Frances Oliver

We can have no idea what masterpiece, if any, will emerge from experiences of the Covid-19 pandemic. We do know that the ‘Spanish’ influenza of 1918 produced at least one classic, Katherine Anne Porter’s short story, Pale Horse, Pale Rider.
The Spanish flu, another species-jumping virus, probably actually originated in America. Unlike with Covid-19, those who did not recover were mostly young; nearly half the dead were aged between 20 and 40. The majority died of secondary infection, bacterial pneumonia, since no antibiotics were available in 1918. Katherine Anne Porter had Spanish flu in its most virulent wave and lived to tell her story. A great many others did not; in a world population of then – only! – approximately 1.8 billion, an estimated 50 million died.
Covid lockdown inspired me to go back to that story, and all of Porter’s others I had or could find. It was well worth the return. Porter had a fascinating background and a varied and exciting life, and drew on her experience and her imagination with consummate skill. Her writing is low-key but vivid, ironic but moving, perfectly crafted. As it had to be; Porter’s whole literary reputation rests on only 30 stories and one novel, which took her 30 years to write. The stories won her both the Pulitzer Prize and the National Book Award.

Katherine Anne Porter

Katherine Anne Porter was born in Texas in 1890. Her mother died when she was two and she and her siblings were brought up mainly by their grandmother, who regaled her with reminiscences of the – not so long ago – vanished old South. Much of this went into richly colourful family saga stories whose protagonist, young Miranda, doubles for Katherine herself. After her early first marriage ended in divorce, Porter worked as a journalist in Texas and Denver, Colorado; it was then she caught and nearly died of the Spanish flu. Porter went on to live in New York’s Greenwich Village, a centre of radical Bohemia, and also lived in Mexico during its failed revolution and after. Her Mexican stories, pictures of a Mexico tourists do not see, are some of her best.
Porter was also in Europe during the rise of the Nazis, an experience she drew on for her one novel, Ship of Fools. She was back in America during McCarthyism and the Cold War. She had four marriages, none of which lasted long. Besides her more exotic stories are domestic everyday life ones, as finely wrought as the rest. One short but unforgettable piece is just titled He. ‘He’ is a boy who in Porter’s day would have been called simply simple. When he becomes ill and begins to have fits, his ignorant and impoverished parents, though they love him, are compelled to place him in an institution; a story as sad and powerful as Steinbeck’s Of Mice and Men.
When Pale Horse, Pale Rider begins, Katherine’s alter ego Miranda is working as a journalist in the very male-dominated newspaper world of First World War America. The ugly jingoism of the time is beautifully captured when Miranda, already weakened and slightly dazed by her first flu symptoms, is harassed by a couple of Liberty Bond salesmen to buy a 50-dollar war bond though her salary is only 18 dollars a week. Miranda, like the always left-wing Katherine, hates the war, but she fears for her job and does not dare speak out.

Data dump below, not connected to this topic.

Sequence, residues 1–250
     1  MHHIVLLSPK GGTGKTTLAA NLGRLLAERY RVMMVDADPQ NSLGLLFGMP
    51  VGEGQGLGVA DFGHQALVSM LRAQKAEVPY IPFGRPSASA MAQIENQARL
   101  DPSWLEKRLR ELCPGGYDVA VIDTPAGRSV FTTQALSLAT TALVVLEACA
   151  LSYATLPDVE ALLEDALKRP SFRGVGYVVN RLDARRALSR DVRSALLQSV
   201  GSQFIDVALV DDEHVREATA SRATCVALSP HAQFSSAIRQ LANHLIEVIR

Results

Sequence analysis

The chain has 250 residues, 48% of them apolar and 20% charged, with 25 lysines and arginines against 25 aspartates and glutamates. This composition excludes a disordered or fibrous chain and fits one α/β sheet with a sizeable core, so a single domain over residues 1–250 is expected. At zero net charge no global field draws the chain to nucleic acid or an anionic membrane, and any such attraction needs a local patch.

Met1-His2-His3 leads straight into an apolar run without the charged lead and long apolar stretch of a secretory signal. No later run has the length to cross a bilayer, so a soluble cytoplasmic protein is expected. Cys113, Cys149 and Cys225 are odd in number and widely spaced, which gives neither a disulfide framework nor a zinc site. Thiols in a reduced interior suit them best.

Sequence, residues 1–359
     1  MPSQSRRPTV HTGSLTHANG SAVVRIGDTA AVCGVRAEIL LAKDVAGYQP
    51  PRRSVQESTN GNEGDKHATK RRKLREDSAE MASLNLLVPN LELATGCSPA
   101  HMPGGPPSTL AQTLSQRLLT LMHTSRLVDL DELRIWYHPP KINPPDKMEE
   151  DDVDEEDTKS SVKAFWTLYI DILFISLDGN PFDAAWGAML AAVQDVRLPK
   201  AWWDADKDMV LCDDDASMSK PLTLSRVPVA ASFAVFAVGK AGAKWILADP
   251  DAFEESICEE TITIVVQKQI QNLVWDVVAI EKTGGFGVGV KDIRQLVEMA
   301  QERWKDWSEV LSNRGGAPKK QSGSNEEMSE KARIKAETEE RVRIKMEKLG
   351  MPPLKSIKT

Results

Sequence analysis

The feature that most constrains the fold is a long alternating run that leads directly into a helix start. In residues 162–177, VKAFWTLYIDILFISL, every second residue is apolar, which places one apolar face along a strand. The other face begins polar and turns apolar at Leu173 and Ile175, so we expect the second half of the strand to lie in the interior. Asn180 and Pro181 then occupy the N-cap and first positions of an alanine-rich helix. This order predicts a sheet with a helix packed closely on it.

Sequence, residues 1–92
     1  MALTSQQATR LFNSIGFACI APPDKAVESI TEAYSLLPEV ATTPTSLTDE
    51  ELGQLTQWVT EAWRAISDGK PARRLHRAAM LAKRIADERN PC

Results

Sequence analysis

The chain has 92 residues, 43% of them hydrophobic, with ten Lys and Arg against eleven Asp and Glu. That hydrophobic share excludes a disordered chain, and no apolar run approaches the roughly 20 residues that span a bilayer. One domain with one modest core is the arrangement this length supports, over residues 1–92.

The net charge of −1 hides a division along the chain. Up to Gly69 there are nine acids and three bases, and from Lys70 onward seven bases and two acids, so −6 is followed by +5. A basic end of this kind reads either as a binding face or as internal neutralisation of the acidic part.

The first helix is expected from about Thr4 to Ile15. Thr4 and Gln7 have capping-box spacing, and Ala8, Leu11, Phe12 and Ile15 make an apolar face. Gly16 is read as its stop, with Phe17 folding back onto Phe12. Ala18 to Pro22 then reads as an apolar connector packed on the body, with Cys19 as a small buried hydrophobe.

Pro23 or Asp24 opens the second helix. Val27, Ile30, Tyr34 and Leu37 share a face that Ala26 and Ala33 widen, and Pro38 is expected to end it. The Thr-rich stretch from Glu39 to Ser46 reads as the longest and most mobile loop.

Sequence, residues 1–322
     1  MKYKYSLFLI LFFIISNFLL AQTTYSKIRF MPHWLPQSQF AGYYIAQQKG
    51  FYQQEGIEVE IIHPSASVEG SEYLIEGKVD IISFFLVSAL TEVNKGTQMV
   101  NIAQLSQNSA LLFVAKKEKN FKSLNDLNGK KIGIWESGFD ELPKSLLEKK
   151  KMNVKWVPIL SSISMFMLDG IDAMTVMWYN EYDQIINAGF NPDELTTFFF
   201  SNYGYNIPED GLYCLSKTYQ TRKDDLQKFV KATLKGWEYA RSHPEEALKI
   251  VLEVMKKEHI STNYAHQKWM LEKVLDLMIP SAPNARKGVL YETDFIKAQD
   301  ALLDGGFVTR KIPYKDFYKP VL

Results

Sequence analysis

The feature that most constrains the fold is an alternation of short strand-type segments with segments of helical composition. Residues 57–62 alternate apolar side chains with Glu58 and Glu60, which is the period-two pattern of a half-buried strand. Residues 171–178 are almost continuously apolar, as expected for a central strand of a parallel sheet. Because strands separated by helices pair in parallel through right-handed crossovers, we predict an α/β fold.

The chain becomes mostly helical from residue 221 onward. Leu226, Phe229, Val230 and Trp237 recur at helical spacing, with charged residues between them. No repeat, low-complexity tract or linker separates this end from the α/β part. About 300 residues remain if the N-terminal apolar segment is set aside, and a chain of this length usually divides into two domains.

Miranda is soon seriously ill. Adam, the new recruit soldier boyfriend she has known only 10 days but loves as he loves her, looks after her devotedly until an ambulance, a doctor and a rare free hospital bed are found. On their last day together, she remembers an old spiritual, Pale horse, pale rider, done take my lover away. They sing the line together but Miranda can’t recall how it goes on. When Adam goes out to get her coffee and ice cream, two hospital interns finally arrive, after frantic demands from her newspaper, to take her to hospital.
Porter writes with wonderful vividness of the dreams, memories and hallucinations, some beautiful and bright, some dark and terrifying, that make Miranda’s world as she drifts in and out of consciousness, until “all notions of the mind, the reasonable inquiries of doubt, all ties of blood and the desires of the heart, dissolved and fell away from her, and there remained of her only a minute fiercely burning particle of being that knew itself alone, that relied upon nothing beyond itself for its strength; not susceptible to any appeal or inducement, being itself composed entirely of one single motive, the stubborn will to live”.
When she comes back to her rational self, a month in hospital has gone by and there are letters waiting for her. Adam never made it to war. He caught Miranda’s illness and died just before the Armistice. Miranda thinks bitterly, “What do you think I came back for, Adam, to be deceived like this?”
Still, the story ends on a hopeful note. The hated war is over, and Miranda is leaving the hospital. “No more war, no more plague, only the dazed silence that follows the ceasing of the heavy guns, noiseless houses with the shades drawn, empty streets, the dead cold light of tomorrow. Now there would be time for everything.”

Volume 35 no. 6 July/August 2021

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